Permitted members have to fulfil different conditions. A person who has been in at least 2 years of a committed relationship or a dependent or family member who requires care as a result of a condition that the EU national is providing for them.
Why choose McGinley Solicitors?
McGinley Solicitors are well-equipped to assist in explaining and helping you apply to exercise your treaty rights, regardless of your background or how long you intend to stay. Their main priority is to provide as much support as possible, so that you can focus on preparing for your exciting new role, studies and new life in Ireland.
At McGinley, our aim is to live up to the highest standards in everything we do, so that people get the legal assistance they deserve across a variety of areas, including immigration law, which we specialise in. If you have questions regarding your treaty rights, passport applications or similar issues then feel free to contact us today. Learn more about how we can help you to start working in Ireland on our site.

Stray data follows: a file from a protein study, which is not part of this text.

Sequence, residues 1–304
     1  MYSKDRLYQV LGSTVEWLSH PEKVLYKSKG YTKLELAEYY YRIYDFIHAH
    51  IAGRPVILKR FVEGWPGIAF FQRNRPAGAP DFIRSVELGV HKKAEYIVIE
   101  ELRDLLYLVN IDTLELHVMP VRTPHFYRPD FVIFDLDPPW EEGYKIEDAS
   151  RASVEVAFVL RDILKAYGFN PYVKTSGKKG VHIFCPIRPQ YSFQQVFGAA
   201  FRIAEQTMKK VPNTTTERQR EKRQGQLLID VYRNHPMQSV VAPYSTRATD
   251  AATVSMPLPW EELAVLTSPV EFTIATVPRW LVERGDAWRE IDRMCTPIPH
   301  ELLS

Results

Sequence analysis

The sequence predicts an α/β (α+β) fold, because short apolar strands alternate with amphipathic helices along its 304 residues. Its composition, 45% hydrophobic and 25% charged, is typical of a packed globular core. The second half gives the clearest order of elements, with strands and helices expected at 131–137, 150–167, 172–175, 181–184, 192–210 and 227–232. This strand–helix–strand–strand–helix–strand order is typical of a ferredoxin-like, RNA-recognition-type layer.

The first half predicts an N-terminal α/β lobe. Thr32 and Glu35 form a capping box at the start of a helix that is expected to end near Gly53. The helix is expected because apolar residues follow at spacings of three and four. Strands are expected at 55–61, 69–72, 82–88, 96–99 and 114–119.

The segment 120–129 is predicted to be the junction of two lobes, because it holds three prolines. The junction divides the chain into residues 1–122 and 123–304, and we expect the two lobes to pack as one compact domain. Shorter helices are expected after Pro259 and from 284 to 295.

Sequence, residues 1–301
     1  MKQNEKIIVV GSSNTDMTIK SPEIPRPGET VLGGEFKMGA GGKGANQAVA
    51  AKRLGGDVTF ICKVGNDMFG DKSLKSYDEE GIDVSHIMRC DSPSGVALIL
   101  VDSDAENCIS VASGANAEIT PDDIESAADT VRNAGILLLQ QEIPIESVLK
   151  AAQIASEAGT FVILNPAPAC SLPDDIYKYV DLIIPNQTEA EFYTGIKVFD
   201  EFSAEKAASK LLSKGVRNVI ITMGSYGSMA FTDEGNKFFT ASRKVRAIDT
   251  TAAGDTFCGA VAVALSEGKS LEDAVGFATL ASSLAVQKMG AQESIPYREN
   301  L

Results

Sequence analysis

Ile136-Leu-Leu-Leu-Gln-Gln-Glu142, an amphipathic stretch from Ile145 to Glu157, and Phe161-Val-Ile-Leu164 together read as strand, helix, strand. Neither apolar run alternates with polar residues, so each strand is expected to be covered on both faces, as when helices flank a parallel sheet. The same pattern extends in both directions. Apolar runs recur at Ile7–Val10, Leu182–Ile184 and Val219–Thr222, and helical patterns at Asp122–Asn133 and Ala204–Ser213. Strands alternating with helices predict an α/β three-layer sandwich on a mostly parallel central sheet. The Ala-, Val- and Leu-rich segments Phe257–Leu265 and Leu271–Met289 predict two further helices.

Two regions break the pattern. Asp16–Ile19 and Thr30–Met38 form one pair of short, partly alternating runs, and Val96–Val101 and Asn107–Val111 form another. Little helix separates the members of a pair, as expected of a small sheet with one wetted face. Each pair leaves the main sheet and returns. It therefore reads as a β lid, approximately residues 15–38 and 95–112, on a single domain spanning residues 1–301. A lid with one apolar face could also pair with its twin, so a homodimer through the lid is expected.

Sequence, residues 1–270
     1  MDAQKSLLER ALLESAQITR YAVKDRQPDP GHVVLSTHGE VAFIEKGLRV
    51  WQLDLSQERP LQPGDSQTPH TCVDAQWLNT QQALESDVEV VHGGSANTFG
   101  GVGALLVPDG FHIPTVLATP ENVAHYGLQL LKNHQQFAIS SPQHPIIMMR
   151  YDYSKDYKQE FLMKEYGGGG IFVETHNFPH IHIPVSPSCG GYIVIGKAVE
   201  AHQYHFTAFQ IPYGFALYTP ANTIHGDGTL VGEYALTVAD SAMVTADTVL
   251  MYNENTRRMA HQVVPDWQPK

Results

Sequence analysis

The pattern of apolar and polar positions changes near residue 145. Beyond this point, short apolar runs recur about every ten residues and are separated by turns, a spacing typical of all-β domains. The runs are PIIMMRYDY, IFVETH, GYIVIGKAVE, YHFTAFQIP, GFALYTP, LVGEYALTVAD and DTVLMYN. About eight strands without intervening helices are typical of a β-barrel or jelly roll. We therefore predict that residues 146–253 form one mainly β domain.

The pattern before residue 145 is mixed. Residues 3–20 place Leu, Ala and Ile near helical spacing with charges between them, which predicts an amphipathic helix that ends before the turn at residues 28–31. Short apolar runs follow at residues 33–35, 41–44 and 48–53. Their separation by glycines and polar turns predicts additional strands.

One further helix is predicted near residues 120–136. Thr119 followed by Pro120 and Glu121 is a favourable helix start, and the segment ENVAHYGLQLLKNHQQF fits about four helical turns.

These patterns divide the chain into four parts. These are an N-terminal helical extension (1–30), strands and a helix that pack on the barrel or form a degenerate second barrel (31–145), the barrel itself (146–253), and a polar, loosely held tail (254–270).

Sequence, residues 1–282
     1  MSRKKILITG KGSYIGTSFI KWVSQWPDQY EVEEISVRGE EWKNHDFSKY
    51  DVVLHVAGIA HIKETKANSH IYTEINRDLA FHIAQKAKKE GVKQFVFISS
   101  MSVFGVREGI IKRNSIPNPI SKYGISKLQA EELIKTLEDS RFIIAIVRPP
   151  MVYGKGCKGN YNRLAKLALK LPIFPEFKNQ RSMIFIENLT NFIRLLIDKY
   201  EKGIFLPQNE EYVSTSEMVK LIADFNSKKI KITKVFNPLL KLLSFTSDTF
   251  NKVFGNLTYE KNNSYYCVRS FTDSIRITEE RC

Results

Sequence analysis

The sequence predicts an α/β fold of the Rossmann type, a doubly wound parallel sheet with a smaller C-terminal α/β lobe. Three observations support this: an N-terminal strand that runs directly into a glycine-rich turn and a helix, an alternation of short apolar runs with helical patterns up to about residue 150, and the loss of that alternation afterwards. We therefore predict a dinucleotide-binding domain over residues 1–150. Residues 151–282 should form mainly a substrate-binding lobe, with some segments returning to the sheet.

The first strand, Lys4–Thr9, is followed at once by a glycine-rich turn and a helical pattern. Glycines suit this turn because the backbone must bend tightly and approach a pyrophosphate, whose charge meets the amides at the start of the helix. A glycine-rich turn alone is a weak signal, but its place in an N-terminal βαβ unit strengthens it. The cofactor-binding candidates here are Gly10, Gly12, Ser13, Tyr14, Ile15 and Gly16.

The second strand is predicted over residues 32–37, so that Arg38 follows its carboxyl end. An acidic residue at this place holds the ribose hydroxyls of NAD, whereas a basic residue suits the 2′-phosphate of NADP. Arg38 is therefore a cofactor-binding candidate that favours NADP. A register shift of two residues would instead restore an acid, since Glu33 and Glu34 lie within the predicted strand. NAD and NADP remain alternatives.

EU Treaty Rights FAQs
Can non-EEA nationals join through the treaty rights?
This is possible, yes, however they will need to apply for residence upon arriving in Ireland. Your treaty rights extend to any non-EEA, EU, or Swiss nationals by default. The exact circumstances of the family member can mean understanding their eligibility isn’t immediately obvious. It’s best to check with a legal professional, who can recommend to you what they need, first.
What documents do non-EEA nationals need to live with their families in Ireland?
Qualifying family members must complete the EUTR1 form, while permitted members must complete the EUTR1A form. Both also require additional documentation, typically proof of addresses, passports or birth certificates, for example.
Do I need to submit applications for a non-EEA child?
Yes, the parent of the child must fill out the forms on their behalf, if the intention is for the child to remain for more than three months. The EUTR1 form will be needed, and the usual five years of residence can then allow the parent to apply for the child to have permanent residence in Ireland.
What if I’m rejected?
There is a right to appeal process, and the non-EEA family member will need to fill out a EU4 form to challenge the ruling.